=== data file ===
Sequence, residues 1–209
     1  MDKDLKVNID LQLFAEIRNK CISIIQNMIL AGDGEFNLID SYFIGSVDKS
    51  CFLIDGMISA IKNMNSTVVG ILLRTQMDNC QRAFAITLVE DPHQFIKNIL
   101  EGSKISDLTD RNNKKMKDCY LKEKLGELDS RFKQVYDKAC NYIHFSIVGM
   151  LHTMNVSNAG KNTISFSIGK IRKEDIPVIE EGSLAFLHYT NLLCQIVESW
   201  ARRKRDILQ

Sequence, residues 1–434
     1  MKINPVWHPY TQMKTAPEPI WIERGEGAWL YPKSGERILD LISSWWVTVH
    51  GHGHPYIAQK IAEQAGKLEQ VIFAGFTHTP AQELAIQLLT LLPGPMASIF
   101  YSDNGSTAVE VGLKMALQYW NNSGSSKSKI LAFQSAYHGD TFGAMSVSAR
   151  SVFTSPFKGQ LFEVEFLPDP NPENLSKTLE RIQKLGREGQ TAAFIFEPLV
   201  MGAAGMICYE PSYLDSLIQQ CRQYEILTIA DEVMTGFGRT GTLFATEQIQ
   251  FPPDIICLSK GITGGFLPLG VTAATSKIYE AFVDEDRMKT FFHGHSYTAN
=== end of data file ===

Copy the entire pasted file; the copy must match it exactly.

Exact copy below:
Sequence, residues 1–209
     1  MDKDLKVNID LQLFAEIRNK CISIIQNMIL AGDGEFNLID SYFIGSVDKS
    51  CFLIDGMISA IKNMNSTVVG ILLRTQMDNC QRAFAITLVE DPHQFIKNIL
   101  EGSKISDLTD RNNKKMKDCY LKEKLGELDS RFKQVYDKAC NYIHFSIVGM
   151  LHTMNVSNAG KNTISFSIGK IRKEDIPVIE EGSLAFLHYT NLLCQIVESW
   201  ARRKRDILQ

Sequence, residues 1–434
     1  MKINPVWHPY TQMKTAPEPI WIERGEGAWL YPKSGERILD LISSWWVTVH
    51  GHGHPYIAQK IAEQAGKLEQ VIFAGFTHTP AQELAIQLLT LLPGPMASIF
   101  YSDNGSTAVE VGLKMALQYW NNSGSSKSKI LAFQSAYHGD TFGAMSVSAR
   151  SVFTSPFKGQ LFEVEFLPDP NPENLSKTLE RIQKLGREGQ TAAFIFEPLV
   201  MGAAGMICYE PSYLDSLIQQ CRQYEILTIA DEVMTGFGRT GTLFATEQIQ
   251  FPPDIICLSK GITGGFLPLG VTAATSKIYE AFVDEDRMKT FFHGHSYTAN